Italy is held back by 2.6 million people who have given up on work
Bloomberg June 4, 2022
In a litany of woes Bank of Italy Governor Ignazio Visco listed this week, the sheer number of his fellow citizens who don’t bother seeking work was especially bleak.
The proportion of people active in the labor market is among the lowest in Europe, he complained to the country’s economic elite gathered in the gold-painted Shareholders’ Hall of Palazzo Koch, his institution’s home in Rome. Worst affected is the poorer south of Italy, where the governor hails from.
The labor market was only one of many weaknesses Visco highlighted in his annual speech on Tuesday. It may prove among the trickiest for the European Union to fix as it deploys skills-focused programs in its bid to reinvigorate Italy with 200 billion euros ($214 billion) of Recovery Fund cash.
Unlocking the jobs potential trapped in the inertia of the euro zone’s third-biggest economy is one of the few options available to fight the consequences of a demographic decline so stark that the world’s richest man, Elon Musk, has warned the country risks having no people left.
“Overcoming the factors that hinder productivity growth has become even more necessary” given the population outlook, Visco said. It “can only partly be countered by an improvement in the migration balance and by an increase in the labor-market participation.”
The numbers are stark: 2.62 million people are available for employment but not seeking it, more than the actual tally of jobseekers. On top of that are 872,000 part-time workers who would like more hours, and 90,000 people who want a job but aren’t immediately available, according to Bloomberg calculations based on Eurostat data.
“It makes me really sad to see these numbers,” said Andrea Prencipe, professor of innovation management and rector of Luiss University in Rome. “This points to a problem that goes beyond the usual issues of matching supply and demand, and skills. It’s a problem of mindset.”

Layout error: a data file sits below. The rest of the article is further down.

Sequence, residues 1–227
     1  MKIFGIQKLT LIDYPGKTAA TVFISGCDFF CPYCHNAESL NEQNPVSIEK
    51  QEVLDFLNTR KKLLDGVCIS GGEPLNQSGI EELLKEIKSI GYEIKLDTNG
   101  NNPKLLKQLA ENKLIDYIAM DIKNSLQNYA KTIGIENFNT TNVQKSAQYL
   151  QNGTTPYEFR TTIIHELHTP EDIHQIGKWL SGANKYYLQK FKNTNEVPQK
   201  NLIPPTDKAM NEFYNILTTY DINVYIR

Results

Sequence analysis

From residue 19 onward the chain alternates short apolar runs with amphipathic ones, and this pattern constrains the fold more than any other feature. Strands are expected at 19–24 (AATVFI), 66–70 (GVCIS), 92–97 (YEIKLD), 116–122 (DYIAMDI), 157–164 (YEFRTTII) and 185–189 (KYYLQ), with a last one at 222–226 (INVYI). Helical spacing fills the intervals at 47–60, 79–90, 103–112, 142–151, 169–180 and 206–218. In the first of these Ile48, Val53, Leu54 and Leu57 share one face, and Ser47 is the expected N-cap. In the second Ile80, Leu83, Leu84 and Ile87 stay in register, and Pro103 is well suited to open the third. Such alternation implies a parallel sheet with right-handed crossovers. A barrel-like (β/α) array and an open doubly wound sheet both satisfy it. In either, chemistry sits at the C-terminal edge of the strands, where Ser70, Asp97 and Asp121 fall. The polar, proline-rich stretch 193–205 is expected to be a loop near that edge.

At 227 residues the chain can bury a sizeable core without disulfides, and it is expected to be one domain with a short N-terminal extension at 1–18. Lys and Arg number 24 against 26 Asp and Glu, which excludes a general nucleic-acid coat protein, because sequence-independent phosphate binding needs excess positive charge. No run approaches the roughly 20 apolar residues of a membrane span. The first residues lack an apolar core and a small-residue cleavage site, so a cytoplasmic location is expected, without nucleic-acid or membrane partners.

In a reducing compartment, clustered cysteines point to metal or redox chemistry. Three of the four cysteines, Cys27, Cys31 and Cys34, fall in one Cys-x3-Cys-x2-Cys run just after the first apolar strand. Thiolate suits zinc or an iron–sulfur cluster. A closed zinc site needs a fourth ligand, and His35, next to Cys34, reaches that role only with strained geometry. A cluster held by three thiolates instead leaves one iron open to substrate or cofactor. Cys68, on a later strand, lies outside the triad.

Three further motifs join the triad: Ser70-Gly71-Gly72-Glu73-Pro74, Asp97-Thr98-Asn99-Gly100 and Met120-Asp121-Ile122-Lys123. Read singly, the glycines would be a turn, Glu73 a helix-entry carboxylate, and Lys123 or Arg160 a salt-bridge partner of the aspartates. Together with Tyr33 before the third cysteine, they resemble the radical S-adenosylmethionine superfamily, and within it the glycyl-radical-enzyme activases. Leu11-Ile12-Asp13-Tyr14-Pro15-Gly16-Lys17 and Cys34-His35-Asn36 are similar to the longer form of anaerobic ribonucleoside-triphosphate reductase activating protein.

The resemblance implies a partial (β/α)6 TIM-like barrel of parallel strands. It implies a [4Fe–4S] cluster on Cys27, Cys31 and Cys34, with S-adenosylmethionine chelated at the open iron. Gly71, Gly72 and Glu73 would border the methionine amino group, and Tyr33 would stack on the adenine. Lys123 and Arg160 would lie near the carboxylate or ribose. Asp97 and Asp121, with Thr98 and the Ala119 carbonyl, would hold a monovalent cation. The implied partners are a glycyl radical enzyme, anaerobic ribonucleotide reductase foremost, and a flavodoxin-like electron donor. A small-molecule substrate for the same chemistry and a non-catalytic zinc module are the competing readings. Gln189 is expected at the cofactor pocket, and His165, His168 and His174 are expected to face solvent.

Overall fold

As with many of Italy’s economic problems, the south suffers the most. Last year, when a measure of national unemployment averaged 9.5%, it was almost 24% in the area of Naples, where the 72-year-old Visco was born. The country’s third-biggest city, it is often seen as a proxy for the malaise and organized crime associated with that half of the peninsula.
Further east in Isernia, a landlocked province where the governor’s family comes from in the mountainous region of Molise, joblessness exceeded 12%.
Visco also highlighted how the country stands out for the low proportion of women in the workforce, exacerbated by the difficulty of regaining employment after having children.
But at the root of the problem is schooling. Low labor participation is “closely connected with educational attainment,” the governor said. It’s a commonly shared view.
“We have a low-skilled labor force,” Italy Finance Ministry Deputy Secretary Maria Cecilia Guerra lamented on Rainews24 on Wednesday. “This has a big impact on our growth prospects.”
That isn’t easy to fix. Prencipe, the Luiss professor, says that simply throwing money at the problem won’t address it, even though the EU Recovery Fund does have initiatives devoted to skills and education.
He says young people find it hard to enter the workforce after studying in Italy and need better-honed training that makes them nimbler at a time of faster-evolving employment requirements and lengthening lifespans.
Adapting to the shifting labor market is a challenge for Beatrice Tarantino. She has struggled to find a job since losing hers at an insurance company in Rome during redundancies in 2018. Currently helping a friend with childcare, she plans to return to the fray of seeking work later this year.
“After the pandemic struck, it got harder to look for a job,” the 49-year-old said. “Now I’m starting to feel too old to find one.”
Encouraging people to enter or return to the labor market is fundamental. The alternative, as Visco suggested, is that the country’s best and brightest emigrate, as almost 1 million already have done, while others do nothing. Such a challenge puts the onus on Italy to ensure that its vast injection of EU money isn’t only spent, but spent well.
“It’s not a matter of how much funding -- which is considerable overall -- but of how we’re going to use it,” said Prencipe. “We need it to really tackle the problems related to labor and to learning.”